The soldiers were killed in March 2013 by Seleka rebels who overran the country and ousted former CAR president Francois Bozizi. South Africa had deployed hundreds of troops to that country as part of a military training programme for Bozizi’s special forces.
Many of the soldiers who fought in the now infamous Battle of Bangui died after running out of ammunition.
But barely four months after the South African troops were slain‚ Gupta associates were involved in talks with the regime of Djotodia‚ who was CAR president from March 2013 and January 2014‚ and the Gupta family were consulted‚ leaked emails suggest.
Shortly after Djotodia came to power‚ South African company‚ Gade Oil and Gas‚ at the time owned by Gupta associate Salim Essa‚ and Ben Ngubane‚ a former arts and culture minister‚ submitted to his government an expression of interest to explore an oil block in that country‚ the emails suggest.
The ensuing negotiations for this block was met with a US$50‚000 “incentive fee” for a meeting from a middleman in CAR.
The middleman claimed to wield influence over CAR’s Minister of Oil and Petroleum.
Emails seen by TimesLIVE from the middleman‚ dated October 28‚ state: “Can you confirm that any advance [down payment upon signing] incentive for the Minister will also include mine at minimum level of 50.000$.
“… my role with the new government here has been very influential one hence I am always expected to take care of others ‘behind the scene’. I feel comfortable if you handle mine separate from the Minister.”
The e-mail was forwarded to prominent businessman and former Essa partner‚ Iqabal Sharma‚ by Cape Town businessman Luphumzo Kebeni.
Sharma told TimesLIVE when contacted on Wednesday that Kebeni‚ a former South African government employee‚ claimed to be representing the interests of the CAR government.
Sharma told TimesLIVE: “We never spoke to anybody in power directly. We were told we could speak to the ministry. This project never really materialised … I think negotiations dragged on for few months‚ but nothing happened because we were not willing to pay for a meeting.”
Included in the emails seen by TimesLIVE are others which spell out the terms of an offer from one of the companies involved.
The email reads: “This is the official offer – an additional 6M$ will be paid to the guys there … In total 16$M”.
This mail ultimately ended up in the in-tray of Rajesh “Tony” Gupta on July 30‚ passing through Essa and Sharma. Sharma said they had come to him and Gupta for help with mining opportunities.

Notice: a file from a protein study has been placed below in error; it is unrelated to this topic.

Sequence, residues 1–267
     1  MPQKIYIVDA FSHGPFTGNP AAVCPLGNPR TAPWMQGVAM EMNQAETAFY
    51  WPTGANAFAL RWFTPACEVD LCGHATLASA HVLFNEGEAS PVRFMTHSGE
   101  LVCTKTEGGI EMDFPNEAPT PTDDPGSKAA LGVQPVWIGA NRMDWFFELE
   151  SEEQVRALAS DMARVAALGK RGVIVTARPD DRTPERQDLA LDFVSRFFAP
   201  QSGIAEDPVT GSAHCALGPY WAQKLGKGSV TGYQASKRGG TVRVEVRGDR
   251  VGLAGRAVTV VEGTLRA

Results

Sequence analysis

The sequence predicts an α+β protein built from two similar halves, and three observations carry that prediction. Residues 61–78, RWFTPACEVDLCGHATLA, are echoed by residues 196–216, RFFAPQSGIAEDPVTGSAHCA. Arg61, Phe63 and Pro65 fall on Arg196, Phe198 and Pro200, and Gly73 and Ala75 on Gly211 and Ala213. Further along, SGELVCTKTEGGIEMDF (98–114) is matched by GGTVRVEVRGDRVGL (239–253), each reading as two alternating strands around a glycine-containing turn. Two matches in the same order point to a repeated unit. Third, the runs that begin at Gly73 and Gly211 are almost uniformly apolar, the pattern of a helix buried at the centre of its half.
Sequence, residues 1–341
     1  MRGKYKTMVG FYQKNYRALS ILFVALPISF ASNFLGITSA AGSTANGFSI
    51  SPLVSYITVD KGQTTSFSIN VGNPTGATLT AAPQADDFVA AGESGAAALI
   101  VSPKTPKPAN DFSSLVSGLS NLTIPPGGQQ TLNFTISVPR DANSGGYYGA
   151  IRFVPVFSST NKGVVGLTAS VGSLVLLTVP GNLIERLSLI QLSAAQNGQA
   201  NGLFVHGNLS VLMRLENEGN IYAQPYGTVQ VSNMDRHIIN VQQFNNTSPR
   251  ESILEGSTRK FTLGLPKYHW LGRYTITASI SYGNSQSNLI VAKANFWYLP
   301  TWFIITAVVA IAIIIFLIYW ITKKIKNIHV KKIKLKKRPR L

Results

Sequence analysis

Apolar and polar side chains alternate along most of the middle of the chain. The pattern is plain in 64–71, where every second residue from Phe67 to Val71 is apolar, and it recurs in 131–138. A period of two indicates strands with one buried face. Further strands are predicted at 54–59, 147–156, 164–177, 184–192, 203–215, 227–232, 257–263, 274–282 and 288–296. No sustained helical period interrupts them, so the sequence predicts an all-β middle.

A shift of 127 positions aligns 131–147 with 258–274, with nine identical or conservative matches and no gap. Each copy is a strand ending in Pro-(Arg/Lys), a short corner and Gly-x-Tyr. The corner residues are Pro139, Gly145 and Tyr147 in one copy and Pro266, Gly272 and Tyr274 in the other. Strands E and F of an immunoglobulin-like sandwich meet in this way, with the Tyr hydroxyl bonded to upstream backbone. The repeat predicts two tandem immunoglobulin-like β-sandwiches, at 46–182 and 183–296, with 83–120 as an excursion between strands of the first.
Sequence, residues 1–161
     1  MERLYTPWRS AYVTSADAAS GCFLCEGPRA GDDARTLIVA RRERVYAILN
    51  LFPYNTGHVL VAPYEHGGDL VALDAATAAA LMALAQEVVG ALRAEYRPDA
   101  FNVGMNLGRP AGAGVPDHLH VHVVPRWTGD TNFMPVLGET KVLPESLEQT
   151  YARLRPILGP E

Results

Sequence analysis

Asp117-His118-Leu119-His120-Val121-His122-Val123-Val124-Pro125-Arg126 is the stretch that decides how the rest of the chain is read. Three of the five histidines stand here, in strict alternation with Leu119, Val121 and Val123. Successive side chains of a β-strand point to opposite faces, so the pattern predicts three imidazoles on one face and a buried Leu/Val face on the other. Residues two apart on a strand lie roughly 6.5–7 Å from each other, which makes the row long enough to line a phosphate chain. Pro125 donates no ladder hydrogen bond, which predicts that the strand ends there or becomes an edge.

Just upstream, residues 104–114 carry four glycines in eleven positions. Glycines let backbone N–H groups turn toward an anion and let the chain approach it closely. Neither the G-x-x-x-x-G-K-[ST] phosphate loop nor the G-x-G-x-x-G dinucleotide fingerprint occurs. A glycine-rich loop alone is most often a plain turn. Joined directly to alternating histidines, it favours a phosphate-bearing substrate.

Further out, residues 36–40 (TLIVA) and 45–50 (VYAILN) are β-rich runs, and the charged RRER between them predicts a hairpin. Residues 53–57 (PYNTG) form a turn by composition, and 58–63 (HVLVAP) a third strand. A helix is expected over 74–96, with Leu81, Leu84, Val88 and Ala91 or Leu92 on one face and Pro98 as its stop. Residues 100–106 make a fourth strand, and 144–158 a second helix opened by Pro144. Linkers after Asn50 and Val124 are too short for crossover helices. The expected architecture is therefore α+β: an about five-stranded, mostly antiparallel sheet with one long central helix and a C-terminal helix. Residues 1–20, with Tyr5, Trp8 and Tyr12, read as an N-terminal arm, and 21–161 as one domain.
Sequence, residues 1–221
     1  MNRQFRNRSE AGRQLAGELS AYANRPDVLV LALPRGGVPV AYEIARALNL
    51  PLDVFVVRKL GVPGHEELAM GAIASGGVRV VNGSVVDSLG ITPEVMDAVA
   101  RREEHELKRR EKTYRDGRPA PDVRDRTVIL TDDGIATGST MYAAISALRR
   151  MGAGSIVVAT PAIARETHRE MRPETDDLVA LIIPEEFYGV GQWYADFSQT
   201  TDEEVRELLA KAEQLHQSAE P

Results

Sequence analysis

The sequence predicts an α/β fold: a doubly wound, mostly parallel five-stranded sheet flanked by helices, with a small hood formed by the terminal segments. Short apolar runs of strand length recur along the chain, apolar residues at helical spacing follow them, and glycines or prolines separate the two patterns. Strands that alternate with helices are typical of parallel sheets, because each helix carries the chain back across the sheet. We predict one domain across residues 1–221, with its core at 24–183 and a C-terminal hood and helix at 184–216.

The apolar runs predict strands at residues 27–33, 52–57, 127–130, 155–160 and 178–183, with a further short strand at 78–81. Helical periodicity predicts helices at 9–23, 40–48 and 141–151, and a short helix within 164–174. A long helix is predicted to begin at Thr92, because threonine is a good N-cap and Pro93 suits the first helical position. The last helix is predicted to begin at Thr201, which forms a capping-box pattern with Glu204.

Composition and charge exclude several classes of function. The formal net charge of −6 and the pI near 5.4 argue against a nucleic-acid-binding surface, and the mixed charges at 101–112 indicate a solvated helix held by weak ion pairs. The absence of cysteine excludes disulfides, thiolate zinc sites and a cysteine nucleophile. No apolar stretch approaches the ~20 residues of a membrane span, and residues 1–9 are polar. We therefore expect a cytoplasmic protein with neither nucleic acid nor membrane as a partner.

“I didn’t know anyone who could do that‚ so I spoke to Tony (Gupta). He mentioned that Kebeni has contacts in that place and he had mentioned elsewhere that he worked in the oil and gas business.
He said: “Kebeni claimed that he knew people in the Ministry … and that he had been tasked by the CAR government to source investment. The decision was made that he arrange a meeting with the President through [the middleman].
“But all this never materialised. The discussion by [the middleman] mentioning incentives was out of turn and it was never entertained. That’s why there was no meeting because no one entertained the idea of paying for any meeting‚” he said.
Kebeni said he had not met with any Gupta family members or even known of their involvement in the transaction involving Gade Oil and Gas. He said he had never met Sharma nor Ngubane.
He said he knew the middleman who had helped him “as a long time friend and comrade” who had helped him establish business networks.
Kebeni said he acted as a broker. “I never received any bribes nor paid any such emoluments to anyone because none of the transactions we were pursuing at the time yielded anything.”
A statement released by Ngubane on Wednesday night said: “The company refused to pay any fees to anyone. It also did not enter into any transactions in the CAR and does not own any gas and oil mining rights in the CAR or anywhere else.”
The statement said Ngubane had left the company which was dormant.
Gupta family attorney Gert Van Der Merwe said on Wednesday: “The e-mails that you are relying on are (1) unlawfully obtained‚ (2) not authentic‚ and (3) not fully disclosed and therefore not worthy of a comment.”